Remember we are only required to make multiple updates if the 3 environments use different configuration values. If the values across the clusters are the same, no branching is needed.
Scaling to support Namespaces - A common Kubernetes architecture is to associate ‘applications’ with Namespaces. The implementation resembles a monolithic practice where the application, and any microservices it uses, are siloed. In the example below, we have two websites, the Candy Store and the Hipster Store. They both reuse the Cart, Shipping, and Payment services. The difference between the stores is just their front ends. There are two Git ‘environment’ repositories representing what is needed to run both stores.
Image 3 - GitOps and Namespaces
If an update is needed to the cart service, the cart service developer needs to know everyone who is consuming the cart service and make the update to each of the .yaml files in the different repositories. And if we have a pipeline, this needs to be done in all environments (dev, test, prod). So if we have two Namespaces and 3 environments that is 24 .yaml files to manage. Alternatively, you could create one big deployment .yaml file for both the Candy Store and Hipster Store, but that makes it more difficult to see who is using which common microservice.
Scaling with a microservice architecture - Kubernetes and microservices were designed to embrace a service-oriented architecture and do so elegantly through its orchestration features. One of the strongest features of a microservice architecture is sharing. The foundation of building a Service Oriented Architecture (SOA) is the reuse of common services across all teams. Making an update to a common service automatically updates all the ‘applications’ that consume the service. Kubernetes does this extremely well and is the core driver of achieving true business agility. An update to a single service can be immediately recognized by all-consuming applications. This can reduce the sprawl of microservices and the number of deployment .yaml files to manage. If each microservice is managed in its own Namespace, the reuse among common services can be leveraged, thus reducing microservice sprawl and the number of deployment .yaml files required.
Image 4 - GitOps and Namespaces
Visibility - Critical data is not easily accessible - GitOps relies on the reporting of Git. Unfortunately, much of the critical data that is needed (such as inventory tracking of a particular microservice or what was the last change) is maintained inside of multiple scripts in different branches. When you are trying to address an incident, digging through this data can be somewhat onerous. Better visibility about what changes are moving to the clusters, the tracking of different container versions and inventory is needed.
Exploring the pros and cons of GitOps is an exercise in determining if the solution works for your unique needs. Just like any technology, GitOps has its ‘sweet spots’ but will not solve everyone’s deployment problems - just yet. At the core of GitOps is the ability to create an immutable deployment process with tools and processes that most teams are already leveraging. What could be better? Managing deployments manually is a dangerous process with absolutely no guardrails. GitOps is a way to fix this problem by managing operational tasks via a pull request. But because GitOps is based on a scripted solution, there are inherent limitations. Its reliance on humans to track and update configurations across the cluster makes it difficult to scale to larger microservice and multi-environment architectures.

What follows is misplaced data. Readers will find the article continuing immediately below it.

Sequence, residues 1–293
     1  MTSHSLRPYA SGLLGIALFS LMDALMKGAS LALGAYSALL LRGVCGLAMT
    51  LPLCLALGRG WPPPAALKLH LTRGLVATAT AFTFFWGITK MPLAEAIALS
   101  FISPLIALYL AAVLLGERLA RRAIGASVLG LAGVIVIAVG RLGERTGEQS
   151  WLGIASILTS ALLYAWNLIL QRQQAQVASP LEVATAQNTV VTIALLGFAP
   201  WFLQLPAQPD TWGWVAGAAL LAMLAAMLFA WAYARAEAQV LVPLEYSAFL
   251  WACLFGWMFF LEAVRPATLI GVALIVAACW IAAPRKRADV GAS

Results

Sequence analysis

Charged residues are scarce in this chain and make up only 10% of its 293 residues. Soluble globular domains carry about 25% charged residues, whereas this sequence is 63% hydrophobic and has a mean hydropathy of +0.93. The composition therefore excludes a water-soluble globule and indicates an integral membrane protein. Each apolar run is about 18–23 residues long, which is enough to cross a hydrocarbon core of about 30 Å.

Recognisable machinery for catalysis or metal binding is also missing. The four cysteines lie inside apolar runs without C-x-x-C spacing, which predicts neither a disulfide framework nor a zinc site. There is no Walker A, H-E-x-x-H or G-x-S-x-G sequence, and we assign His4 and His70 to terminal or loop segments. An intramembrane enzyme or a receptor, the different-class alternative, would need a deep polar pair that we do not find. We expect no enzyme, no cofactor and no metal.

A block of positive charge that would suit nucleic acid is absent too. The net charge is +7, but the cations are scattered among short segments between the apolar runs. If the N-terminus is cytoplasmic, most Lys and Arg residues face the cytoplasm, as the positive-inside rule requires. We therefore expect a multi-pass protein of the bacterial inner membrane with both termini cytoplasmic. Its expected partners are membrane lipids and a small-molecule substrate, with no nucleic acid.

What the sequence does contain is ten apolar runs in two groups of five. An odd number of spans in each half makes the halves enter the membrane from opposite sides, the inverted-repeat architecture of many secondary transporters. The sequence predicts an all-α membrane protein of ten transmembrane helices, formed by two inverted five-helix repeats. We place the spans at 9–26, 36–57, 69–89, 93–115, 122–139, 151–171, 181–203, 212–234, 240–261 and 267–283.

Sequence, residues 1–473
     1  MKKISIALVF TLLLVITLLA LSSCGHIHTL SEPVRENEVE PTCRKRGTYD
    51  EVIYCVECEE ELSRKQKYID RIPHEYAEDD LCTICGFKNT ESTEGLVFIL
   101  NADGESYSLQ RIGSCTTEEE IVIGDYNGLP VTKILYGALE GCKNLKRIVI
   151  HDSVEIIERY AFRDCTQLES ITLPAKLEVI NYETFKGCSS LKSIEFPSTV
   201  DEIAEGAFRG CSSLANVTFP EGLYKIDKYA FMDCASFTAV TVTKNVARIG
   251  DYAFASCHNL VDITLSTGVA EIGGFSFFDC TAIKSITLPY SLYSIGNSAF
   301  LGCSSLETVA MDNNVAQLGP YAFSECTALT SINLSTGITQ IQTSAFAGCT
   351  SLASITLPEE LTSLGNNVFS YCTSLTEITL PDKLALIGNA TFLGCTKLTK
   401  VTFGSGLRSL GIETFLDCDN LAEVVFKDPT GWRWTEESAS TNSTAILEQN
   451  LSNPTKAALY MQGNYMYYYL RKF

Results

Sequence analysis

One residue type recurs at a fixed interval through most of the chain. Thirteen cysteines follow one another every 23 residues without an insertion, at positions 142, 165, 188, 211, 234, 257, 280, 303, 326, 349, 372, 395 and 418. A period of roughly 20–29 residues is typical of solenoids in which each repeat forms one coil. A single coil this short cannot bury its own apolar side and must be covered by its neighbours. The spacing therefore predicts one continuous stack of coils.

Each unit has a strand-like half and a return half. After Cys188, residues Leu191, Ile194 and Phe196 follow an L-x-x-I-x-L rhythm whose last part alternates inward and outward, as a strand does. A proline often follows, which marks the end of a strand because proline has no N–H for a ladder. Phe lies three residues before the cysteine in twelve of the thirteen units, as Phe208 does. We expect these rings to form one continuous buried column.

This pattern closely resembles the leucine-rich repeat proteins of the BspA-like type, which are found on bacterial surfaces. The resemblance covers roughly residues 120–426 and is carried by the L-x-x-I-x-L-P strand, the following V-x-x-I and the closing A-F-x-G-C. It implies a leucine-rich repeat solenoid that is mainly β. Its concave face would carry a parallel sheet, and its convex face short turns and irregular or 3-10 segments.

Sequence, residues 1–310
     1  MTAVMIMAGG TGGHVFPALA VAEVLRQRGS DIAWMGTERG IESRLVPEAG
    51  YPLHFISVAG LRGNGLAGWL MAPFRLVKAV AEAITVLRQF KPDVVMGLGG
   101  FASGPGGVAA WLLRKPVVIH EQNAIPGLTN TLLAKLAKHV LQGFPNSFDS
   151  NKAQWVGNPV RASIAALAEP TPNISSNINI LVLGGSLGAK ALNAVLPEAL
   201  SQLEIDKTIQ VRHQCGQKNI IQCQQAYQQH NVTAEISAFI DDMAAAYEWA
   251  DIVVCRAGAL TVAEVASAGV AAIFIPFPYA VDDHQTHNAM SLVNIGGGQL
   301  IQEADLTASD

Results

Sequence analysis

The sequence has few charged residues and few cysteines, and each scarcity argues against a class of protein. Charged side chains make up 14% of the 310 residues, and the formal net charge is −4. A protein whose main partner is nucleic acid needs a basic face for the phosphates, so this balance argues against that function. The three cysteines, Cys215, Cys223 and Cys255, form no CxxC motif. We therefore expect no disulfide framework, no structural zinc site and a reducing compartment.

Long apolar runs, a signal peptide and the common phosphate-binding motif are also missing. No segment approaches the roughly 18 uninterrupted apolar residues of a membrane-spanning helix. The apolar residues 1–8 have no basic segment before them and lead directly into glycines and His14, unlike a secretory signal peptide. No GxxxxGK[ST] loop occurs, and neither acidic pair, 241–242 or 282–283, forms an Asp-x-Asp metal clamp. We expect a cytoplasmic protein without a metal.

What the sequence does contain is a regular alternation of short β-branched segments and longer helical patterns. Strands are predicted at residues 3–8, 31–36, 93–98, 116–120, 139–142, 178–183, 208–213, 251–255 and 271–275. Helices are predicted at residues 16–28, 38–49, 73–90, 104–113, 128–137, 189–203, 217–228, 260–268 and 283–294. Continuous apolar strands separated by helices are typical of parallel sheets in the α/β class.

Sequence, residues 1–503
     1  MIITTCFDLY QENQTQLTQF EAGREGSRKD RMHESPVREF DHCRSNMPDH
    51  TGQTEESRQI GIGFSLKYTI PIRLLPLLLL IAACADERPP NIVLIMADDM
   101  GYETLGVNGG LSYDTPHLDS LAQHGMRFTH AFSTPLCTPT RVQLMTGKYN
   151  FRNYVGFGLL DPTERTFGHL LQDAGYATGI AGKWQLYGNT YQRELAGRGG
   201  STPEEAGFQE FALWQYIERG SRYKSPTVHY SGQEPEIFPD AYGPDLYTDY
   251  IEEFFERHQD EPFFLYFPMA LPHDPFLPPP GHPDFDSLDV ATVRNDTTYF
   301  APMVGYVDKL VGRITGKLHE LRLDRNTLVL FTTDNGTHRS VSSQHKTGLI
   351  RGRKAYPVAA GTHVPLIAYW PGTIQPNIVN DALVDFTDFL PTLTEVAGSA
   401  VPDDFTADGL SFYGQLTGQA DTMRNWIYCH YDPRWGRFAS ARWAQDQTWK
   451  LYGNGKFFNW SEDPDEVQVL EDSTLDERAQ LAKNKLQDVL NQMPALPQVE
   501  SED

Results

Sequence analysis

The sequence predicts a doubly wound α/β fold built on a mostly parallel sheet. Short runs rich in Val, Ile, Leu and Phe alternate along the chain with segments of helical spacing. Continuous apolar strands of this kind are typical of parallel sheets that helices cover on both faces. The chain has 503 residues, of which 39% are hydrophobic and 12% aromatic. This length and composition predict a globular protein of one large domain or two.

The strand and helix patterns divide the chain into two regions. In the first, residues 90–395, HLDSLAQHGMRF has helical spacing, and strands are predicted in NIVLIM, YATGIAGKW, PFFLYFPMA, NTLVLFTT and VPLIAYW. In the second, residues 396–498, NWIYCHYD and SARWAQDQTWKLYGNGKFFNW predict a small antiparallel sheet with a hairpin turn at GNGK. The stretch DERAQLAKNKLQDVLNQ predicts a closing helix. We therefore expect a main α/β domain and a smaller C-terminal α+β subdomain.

Ultimately to support hundreds, if not thousands, of microservices moving to dozens of clusters, methods of cataloging microservices, aggregating their relationships, tracking the metadata, and separating the data from the definition will be the direction required by most large enterprises.
As this technology grows, open-source communities and vendors will work to solve some of these challenges. For example, more intelligence and control will be driven by the GitOps operator, managing environment ‘overrides’ to centralize where unique configuration values are updated. Checkout a FluxCD, ArgoCD, and Rancher Fleet. Rancher’s Fleet GitOps operators working to create a GitOps structure that can minimize the number of manual updates required. Even the commercial market is getting involved.Codefresh recently announced their GitOps strategy built into continuous delivery orchestration. The Ortelius Ortelius Open Source Community will be looking at expanding the use of generated deployment .yaml files based on the data stored in the microservice catalog. Those .yaml files can then be committed to the proper environment repository based on a trigger or on-demand. By doing so, scripting is minimized with more visibility into microservice relationships, blast radius, environment overrides, and inventory tracking.
If you are interested in exploring this topic further, the CNCF has started a GitOps Working Group. This group is led by Weaveworks and Codefresh with a focus on defining GitOps and exploring its evolution.
There is no doubt GitOps is the future of continuous deployments. Understanding the pros and cons of GitOps is a path for moving forward and making this technology a common solution designed for a cloud-native world.
Tracy is CEO and Co-Founder of DeployHub. She is expert in configuration management and pipeline life cycle practices with a hyper focus on microservices and cloud native architecture. She currently serves as a board member of the Continuous Delivery Foundation and the Executive Director of the Ortelius Open Source project for Microservice Management. Tracy is a recognized evangelist in microservices and the continuous delivery pipeline. She is the creator of the Continuous Delivery Foundation Interactive Landscape, a blog contributor for the CDF, recognized by TechBeacon as on of the top 100 DevOps visionaries and speaks at many DevOps events such as CNCF’s KubeCon and CloudBees DevOps World. Tracy is also a DevOps Institute Ambassador and speaks at AWS Marketplace webinar educational events. She is also the host of the CI/CDF Online Meetups.